Historical drama Nayola splits its time between 1995 and 2011 in the southwestern African country of Angola, a former Portuguese colony, to dissect the generational scars derived from the not-so-distant armed conflict. From a screenplay penned by Virgílio Almeida, adapted from José Eduardo Agualusa and Mia Couto’s stage play The Black Box, director José Miguel Ribeiro constructs a rich and potent fable about letting go.
As civil war rages in the mid-1990s, Nayola (Elisângela Rita), a young mother, desperately searches for her husband. Voiceover narration begins to let us into her distraught emotional state. Soon, however, the story travels 16 years into the future where Nayola’s teenage daughter Yara (Feliciana Délcia Guia) defies the authoritarian government with politically minded rap songs that she distributes on CDs across Luanda.
Ribeiro’s use of stylized hand-drawn aesthetic makes for gorgeously dreamlike interpretations of the inner turmoil facing the titular heroine. There’s a clear distinction between the depiction of Nayola’s experiences and Yara’s tribulations in a relatively peaceful era.
Sequences that take place in Nayola’s memory, particularly those related to her missing loved one, are presented in expressionistic fashion that calls to mind French title The Girl Without Hands. But even when she isn’t remembering precisely, the backgrounds in her timeline brim with saturated hues and surrealist production design. In turn, Ribeiro and Almeida tackle violence with unflinching fortitude, especially in a scene that shows starving people fighting each other for provisions delivered by the U.N.
Over the course of Nayola’s odyssey across devastation, a mysterious jackal accompanies her. Present in African folklore as an adaptable and clever figure, the jackal here not only follows her steps but ultimately becomes a representation of her tireless efforts to stay alive in order to achieve her goal. Yet, the film’s focus points to Nayola’s inability to cleanse herself from the horrors she’s witnessed. Consumed by grief, she has lost herself.
In 2011 Yara and her grandmother Lelena (Vitória Adelino Dias Soares) receive an unexpected visit from an enigmatic burglar. The more Nayola’s past unravels, the shorter the distance between the two parallel timelines becomes. Solemn in tone but vividly fey in its treatment of a serious subject, the film even folds in small touches of archival footage to an affecting song that provides further visual information on the events that transpired.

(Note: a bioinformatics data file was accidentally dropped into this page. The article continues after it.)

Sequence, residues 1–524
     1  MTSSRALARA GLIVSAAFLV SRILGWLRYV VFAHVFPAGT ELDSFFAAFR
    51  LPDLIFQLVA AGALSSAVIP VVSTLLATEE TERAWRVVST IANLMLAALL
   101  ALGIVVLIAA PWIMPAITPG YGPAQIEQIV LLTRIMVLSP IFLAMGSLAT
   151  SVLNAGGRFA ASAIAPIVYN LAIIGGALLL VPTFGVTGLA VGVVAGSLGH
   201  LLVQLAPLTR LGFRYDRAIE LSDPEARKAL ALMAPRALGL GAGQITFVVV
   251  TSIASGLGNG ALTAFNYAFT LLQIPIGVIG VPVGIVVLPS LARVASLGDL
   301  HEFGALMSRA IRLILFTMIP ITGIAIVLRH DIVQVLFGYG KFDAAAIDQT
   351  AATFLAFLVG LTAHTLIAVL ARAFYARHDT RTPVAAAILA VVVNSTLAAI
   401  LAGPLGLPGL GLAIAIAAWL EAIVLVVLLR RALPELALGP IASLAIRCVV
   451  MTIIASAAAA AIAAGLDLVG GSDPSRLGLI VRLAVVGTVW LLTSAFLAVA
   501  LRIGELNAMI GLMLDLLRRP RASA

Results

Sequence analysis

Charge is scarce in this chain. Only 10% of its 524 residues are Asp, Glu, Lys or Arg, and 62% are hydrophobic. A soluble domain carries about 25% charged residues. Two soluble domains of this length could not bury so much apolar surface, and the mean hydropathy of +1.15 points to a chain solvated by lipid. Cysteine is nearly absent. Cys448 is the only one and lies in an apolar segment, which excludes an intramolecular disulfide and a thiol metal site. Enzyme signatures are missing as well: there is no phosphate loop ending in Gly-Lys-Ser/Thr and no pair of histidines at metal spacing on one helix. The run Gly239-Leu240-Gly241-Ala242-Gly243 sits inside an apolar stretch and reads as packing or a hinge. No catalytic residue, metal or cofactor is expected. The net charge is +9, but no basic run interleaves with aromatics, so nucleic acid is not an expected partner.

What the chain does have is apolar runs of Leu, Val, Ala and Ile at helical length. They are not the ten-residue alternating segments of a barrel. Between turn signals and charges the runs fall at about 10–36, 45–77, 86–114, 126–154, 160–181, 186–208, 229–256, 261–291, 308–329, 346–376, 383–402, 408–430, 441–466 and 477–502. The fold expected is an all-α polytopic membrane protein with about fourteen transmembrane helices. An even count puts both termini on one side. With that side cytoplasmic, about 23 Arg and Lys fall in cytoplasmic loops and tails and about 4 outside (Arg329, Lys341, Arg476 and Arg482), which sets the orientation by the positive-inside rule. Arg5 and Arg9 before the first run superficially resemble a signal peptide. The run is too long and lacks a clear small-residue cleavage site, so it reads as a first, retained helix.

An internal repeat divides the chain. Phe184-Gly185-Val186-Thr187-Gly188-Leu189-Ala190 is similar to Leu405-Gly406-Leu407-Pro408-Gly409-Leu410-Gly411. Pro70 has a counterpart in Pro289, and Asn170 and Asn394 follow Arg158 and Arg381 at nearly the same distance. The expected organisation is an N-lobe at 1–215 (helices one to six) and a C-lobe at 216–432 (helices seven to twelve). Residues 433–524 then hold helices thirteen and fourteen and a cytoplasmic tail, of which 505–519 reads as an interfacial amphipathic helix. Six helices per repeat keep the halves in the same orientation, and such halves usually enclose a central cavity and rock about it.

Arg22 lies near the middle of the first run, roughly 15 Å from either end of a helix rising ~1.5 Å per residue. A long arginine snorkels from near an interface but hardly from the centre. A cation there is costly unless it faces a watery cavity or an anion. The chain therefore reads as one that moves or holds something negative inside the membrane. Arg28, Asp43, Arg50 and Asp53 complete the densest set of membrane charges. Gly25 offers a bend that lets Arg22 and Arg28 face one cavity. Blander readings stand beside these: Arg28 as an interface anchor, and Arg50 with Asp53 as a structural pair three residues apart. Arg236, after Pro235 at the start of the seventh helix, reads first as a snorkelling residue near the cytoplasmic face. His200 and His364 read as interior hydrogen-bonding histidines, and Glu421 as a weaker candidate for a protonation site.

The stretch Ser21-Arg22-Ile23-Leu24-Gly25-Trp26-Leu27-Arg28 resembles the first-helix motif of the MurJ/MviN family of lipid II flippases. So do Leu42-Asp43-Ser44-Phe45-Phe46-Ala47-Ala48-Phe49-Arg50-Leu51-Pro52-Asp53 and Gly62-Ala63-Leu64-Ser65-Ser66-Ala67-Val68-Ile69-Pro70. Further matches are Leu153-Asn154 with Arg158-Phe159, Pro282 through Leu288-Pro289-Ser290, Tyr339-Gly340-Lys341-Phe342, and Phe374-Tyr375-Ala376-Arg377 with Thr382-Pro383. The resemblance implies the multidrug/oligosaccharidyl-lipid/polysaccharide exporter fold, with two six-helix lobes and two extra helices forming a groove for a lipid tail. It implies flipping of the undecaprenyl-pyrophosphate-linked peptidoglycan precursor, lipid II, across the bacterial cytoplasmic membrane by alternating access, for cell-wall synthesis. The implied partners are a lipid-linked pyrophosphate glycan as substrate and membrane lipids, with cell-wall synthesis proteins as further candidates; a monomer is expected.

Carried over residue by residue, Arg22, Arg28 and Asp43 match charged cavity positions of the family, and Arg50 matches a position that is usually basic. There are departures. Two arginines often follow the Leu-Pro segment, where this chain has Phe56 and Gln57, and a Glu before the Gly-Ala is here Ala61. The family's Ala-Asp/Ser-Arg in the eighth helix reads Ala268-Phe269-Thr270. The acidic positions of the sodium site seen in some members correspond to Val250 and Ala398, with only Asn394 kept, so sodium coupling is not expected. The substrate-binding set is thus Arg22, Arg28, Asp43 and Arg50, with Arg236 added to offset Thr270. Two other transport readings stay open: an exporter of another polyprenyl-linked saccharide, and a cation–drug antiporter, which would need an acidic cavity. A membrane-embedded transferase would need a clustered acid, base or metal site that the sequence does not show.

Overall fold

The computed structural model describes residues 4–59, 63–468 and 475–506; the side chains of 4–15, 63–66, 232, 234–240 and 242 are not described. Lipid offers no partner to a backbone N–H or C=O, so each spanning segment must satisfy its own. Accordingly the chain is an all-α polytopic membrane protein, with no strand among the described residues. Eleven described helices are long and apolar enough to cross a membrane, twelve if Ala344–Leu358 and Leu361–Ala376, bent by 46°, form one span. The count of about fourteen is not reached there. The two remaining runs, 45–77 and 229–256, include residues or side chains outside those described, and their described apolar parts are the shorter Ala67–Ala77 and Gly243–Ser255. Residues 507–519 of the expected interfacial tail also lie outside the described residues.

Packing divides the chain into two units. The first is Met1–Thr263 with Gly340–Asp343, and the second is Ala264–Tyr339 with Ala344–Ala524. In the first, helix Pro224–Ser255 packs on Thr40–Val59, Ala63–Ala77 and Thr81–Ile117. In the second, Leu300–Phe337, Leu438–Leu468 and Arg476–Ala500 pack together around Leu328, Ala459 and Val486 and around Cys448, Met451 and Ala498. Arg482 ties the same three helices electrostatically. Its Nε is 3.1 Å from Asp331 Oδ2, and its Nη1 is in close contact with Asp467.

Ribeiro’s striking work of historical fiction navigates similar thematic territory and evocative handcraft as recent releases Funan and Another Day of Life, both of which were released domestically by GKIDS. It’s not farfetched to think Nayola could land a North American home at GKIDS as well.
My Grandfather’s Demons
Slightly less poignant, but still invigorating in its deployment of the medium’s techniques, Nuno Beato’s My Grandfather’s Demons opens in a demanding office environment where employees must constantly improve their performance. At the top of the productivity chain is Rosa (Victoria Guerra), a young woman climbing the corporate ladder.
The digital animation early in the first act intentionally omits much detail for a streamlined and cold look to match the efficiency-obsessed mood of the big city. Her monotonous, work-driven lifestyle has begun to take a toll on her and awakens a yearning to reconnect with her aging grandfather Marcelino (António Durães). A montage of her younger years with his voiceover concludes with Rosa finding out the man has died.
Shocked, she drives to her hometown to clear out and sell her grandfather’s house. The instant Rosa arrives in the outskirts of the small community the generic cg imagery transforms into the tactile and wondrous realm of stop motion. While obvious, this visible illustration of the transition from her capitalistic reality to a rustic and handmade one demonstrates the director’s smart vision to apply both options for dramatic purpose.
The imperfect puppets seem closer to Will Vinton’s Claymation productions than the more sophisticated builds of places like Mackinnon and Saunders or Laika. Likewise, the sets bear the imprint of having been created by the not always precise human hand. With a color palette of mostly ochres and browns and convincingly irregular textures in the terrain, the production design reflects how long this land has been deprived of water.
Once settled, Rosa begins to learn that her grandfather despised everyone around him, especially Antonio (Celso Bugallo), once his best friend. While Marcelino’s narration informs us of the details, Rosa learns of his secrets in strange nightmares inhabited by demon-like creatures made of clay that her grandfather had made to represent himself and others. The recurrent presence of these entities, either on the bookshelf or life-size in her glistening visions, imbues the picture with measured otherworldliness. Not too scary but effective in transmitting the beyond-the-grave burden that afflicts Marcelino.
Although tempted to leave it all behind, Rosa decides to stay and amend his mistakes by figuring out how to bring water back to the local river. In turn, of course, she learns to disconnect from the spiritually unfulfilling things that overwhelmed her before.
Beato’s indictment of Marcelino’s acts rings harsher than one would expect in a relatively family friendly feature, but that’s exactly what gives meaningful gravitas to the story. Fueled by illogical envy and hatred, the old man not only shut out everyone but actively pursued their suffering. And even if, in the end, the resolution hinges on a few convenient revelations and other unsolved family mysteries, there’s an earned catharsis.